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PRODUCED BY AND FOR MEMBERS OF THE DEPARTMENT OF SURGERY January 2018 | Archived Issues

State-Mandated Workplace Violence Training to Begin

Under revised rules from the state’s Division of Occupational Safety and Health (Cal/OSHA), all Cedars-Sinai employees will be required to have completed workplace violence training by April 1.

Cedars-Sinai’s Environmental Health and Safety division is finalizing the learning modules, and all employees should be receiving notifications regarding the training soon.

"Assuring that our employees are safe and well trained is one of the highest priorities here at Cedars-Sinai," said Andy Ortiz, senior vice president of Human Resources and Organization Development and Learning. "Meeting this Cal/OSHA mandate presents us with an opportunity to create a high-caliber program that meets that goal."

There will be four tiers of training, based on the amount of direct patient care contact an employee has:

  • All employees will be required to take a two-hour online course via Healthstream.
  • Employees in Imaging, Admissions, Food & Nutrition, Environmental Services and other low-risk occupations will receive an additional two-hour Healthstream training module.
  • Staff delivering bedside care, including RNs, CPs and LVNs, will be required to take a two-hour classroom training on non-violent crisis intervention and a prevention skills lab.
  • Higher-risk staff, including security officers, Emergency Department employees and mental health workers, will be required to take an additional full-day classroom session.

Department managers will notify their teams when the training sessions are ready. Sign-up for all sessions will be done via Healthstream.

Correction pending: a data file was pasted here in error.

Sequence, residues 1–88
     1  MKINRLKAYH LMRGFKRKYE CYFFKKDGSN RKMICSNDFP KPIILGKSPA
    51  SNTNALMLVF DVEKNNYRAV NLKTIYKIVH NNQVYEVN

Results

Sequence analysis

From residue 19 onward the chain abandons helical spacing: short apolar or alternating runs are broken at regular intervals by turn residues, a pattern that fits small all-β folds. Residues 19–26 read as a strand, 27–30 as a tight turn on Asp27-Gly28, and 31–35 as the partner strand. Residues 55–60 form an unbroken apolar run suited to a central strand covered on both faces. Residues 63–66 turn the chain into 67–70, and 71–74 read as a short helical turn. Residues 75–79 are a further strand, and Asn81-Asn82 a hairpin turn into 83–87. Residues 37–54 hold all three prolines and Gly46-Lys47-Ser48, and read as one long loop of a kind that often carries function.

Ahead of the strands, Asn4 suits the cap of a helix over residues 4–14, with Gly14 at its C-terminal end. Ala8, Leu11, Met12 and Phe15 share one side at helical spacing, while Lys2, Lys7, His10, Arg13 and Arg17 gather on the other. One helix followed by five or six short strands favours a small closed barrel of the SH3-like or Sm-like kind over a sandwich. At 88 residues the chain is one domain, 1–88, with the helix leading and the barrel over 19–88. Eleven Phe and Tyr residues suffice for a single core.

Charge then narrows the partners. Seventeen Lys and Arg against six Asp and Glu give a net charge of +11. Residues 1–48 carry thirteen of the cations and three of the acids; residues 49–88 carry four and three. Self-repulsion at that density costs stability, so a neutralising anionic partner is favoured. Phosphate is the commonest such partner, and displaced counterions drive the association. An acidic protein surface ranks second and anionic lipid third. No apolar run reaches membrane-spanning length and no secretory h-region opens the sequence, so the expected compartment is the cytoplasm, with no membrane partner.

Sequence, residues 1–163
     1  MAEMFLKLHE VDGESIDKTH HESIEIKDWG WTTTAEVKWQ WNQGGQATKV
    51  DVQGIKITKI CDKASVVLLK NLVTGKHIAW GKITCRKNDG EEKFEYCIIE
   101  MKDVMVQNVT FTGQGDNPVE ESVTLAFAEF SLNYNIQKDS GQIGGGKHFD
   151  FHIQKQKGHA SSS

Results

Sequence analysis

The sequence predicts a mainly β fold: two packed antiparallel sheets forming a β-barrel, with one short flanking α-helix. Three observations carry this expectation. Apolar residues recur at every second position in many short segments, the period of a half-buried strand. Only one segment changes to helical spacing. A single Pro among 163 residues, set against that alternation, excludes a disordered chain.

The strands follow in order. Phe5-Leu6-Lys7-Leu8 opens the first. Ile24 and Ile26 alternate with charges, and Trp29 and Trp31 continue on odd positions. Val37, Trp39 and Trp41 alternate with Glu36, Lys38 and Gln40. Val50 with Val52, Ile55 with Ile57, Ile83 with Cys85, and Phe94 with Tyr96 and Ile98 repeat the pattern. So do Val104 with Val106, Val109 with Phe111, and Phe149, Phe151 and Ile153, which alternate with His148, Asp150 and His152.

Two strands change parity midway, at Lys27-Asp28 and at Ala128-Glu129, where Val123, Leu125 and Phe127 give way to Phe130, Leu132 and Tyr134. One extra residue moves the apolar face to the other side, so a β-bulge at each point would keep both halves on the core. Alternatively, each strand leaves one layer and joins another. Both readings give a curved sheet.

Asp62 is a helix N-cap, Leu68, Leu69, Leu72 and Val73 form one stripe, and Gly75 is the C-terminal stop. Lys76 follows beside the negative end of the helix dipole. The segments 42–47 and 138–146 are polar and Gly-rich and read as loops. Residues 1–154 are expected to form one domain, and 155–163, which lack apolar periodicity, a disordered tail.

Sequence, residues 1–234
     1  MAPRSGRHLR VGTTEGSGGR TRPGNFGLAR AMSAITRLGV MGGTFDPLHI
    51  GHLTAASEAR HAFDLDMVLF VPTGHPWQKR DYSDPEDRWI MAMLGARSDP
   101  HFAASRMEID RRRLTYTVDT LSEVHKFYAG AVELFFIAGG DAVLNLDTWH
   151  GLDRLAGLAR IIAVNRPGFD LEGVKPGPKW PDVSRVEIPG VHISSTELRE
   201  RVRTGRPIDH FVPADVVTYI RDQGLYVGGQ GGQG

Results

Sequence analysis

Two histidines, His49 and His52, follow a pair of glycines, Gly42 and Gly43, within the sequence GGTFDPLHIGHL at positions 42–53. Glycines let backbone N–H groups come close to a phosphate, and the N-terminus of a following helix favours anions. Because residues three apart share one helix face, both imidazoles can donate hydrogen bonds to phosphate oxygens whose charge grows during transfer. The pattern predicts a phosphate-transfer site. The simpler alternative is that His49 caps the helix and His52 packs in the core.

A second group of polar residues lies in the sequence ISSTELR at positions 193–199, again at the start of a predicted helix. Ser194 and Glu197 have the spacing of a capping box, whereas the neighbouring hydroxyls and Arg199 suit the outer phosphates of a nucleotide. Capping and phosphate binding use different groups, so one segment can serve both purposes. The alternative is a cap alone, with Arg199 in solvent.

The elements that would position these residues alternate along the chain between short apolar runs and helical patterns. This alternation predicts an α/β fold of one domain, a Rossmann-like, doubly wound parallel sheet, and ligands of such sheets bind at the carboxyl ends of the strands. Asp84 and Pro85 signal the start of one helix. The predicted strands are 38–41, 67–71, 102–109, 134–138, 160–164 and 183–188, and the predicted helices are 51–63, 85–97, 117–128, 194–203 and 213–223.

"It’s vitally important that our employees sigh up promptly for the classes we have developed," said Donna Earley, director of Environmental Health and Safety. "Not only will they be better prepared in the unlikely event of a workplace incident, but we are required to have the entire workforce trained by April 1."

Andrea Ravard, a radiation physicist in the Environmental Health and Safety Division who designed the training program, said the training will cover four broad workplace violence categories: those involving an intimate partner, criminal behavior, interactions with patients and visitors and "lateral violence," or intra-staff conflict.

"A number of people have come through the Skills Lab," Ravard said, "RNs, CPs, ED staff, security and behavioral health, and they’re overall feeling is that they are grateful we have taken this approach to teach skills that make them more confident as caregivers."

The state has defined workplace violence to cover any threat or act of violence that occurs at a worksite, including a threat or act that has a high likelihood of resulting in injury, psychological trauma or stress, regardless of whether an employee sustains an injury.

Once in place, the workplace violence training will become an annual requirement for most staff members. For further information on the program, email GroupWPVPreventionTeam@cshs.org.